Neiman Marcus ($PRIVATE:PRIV_NEIMANMARCUS) has weathered slowing foot traffic and e-commerce competition as a so-called "retail apocalypse" threatens the stalwart retail brand from virtually every angle.
But now the Coronavirus shut-down has the luxury retailer looking bankruptcy in the eye. The Dallas-based company is reportedly in talks with debtors — to whom it owes an estimated $4.3 billion — about a bankruptcy filing that, while it would allow the company to continue operations, will almost certainly include targeted store closures as a way to reduce operating costs.
With store closures come not just job losses, but also sudden drops in tenant revenue for REITs, the landlords of retail, who will be stuck paying their own leases and mortgages. Among the most leveraged in Neiman Marcus locations are Simon Property Group ($SPG) and Brookfield Property Partners ($BPY).
Here, we look at seven REITs that hold leases on the chain as a way to better understand which of them stand to lose the most from a looming Neiman Marcus shutdown.
Simon Property Group holds the leases on the most Neiman Marcus locations, with 30 listed as of publishing. General Growth Properties ($GGP) holds 11. Macerich ($MAC) and Taubman Centers ($TCO) list 5 Neiman Marcus stores each, and Tanger Factory Outlet ($SKT) collects rent from 1. The map below shows where they all are, color-coded by REIT.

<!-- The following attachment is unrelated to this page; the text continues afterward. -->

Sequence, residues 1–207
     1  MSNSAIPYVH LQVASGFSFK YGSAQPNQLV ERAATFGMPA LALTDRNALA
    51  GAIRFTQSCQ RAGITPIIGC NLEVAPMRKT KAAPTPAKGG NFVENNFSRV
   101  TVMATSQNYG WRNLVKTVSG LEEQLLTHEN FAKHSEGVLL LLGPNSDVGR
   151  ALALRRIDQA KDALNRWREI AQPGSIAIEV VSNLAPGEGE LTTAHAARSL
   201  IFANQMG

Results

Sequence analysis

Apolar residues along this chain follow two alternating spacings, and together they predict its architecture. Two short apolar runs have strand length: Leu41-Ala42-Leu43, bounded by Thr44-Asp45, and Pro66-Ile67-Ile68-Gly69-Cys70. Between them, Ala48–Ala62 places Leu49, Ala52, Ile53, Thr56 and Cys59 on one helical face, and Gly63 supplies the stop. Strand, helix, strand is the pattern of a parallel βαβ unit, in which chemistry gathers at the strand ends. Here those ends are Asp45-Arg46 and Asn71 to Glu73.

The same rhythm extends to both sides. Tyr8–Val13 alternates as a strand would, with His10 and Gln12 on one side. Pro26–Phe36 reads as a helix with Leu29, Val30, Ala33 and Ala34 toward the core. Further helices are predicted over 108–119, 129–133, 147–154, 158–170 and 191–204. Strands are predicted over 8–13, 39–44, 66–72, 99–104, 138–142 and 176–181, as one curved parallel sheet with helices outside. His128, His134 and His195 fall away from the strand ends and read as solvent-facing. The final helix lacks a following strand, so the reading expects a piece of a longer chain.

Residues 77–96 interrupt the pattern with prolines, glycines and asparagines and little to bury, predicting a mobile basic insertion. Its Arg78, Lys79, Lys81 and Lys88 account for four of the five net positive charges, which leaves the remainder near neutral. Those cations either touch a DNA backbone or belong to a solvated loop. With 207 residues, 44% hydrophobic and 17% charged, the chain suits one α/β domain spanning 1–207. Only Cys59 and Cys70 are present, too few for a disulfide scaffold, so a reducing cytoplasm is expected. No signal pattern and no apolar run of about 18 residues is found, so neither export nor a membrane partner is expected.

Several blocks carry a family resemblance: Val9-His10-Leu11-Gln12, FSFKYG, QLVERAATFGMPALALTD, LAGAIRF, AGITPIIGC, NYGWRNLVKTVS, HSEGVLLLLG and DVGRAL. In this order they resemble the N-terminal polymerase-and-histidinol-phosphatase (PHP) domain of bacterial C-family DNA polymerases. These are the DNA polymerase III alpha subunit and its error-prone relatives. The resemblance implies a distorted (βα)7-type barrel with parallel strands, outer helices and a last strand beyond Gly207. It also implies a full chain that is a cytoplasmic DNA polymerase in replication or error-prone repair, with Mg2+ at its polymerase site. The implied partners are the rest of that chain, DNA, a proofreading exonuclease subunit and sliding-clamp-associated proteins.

As Neiman Marcus has shored up locations in recent years, Simon's exposure to the brand has decreased: in 2017, it listed 47 locations in its tenant list. As of this week, it lists 30. The set of time series below describe the number of Neiman Marcus locations per REIT over time as a way to understand risk over time should Neiman shutter stores in the near future.
Risk per REIT is, of course, difficult — if not impossible — to quantify or predict without more context, and would be foolish to quantify based on one tenant. Indeed, each REIT listed here has a diverse portfolio of tenants, business types, and locations, as shown in the objective map below, described by both REIT (color) and size of the circle (square footage per location).
About the Data:
Thinknum tracks companies using the information they post online - jobs, social and web traffic, product sales and app ratings - and creates data sets that measure factors like hiring, revenue and foot traffic. Data sets may not be fully comprehensive (they only account for what is available on the web), but they can be used to gauge performance factors like staffing and sales.
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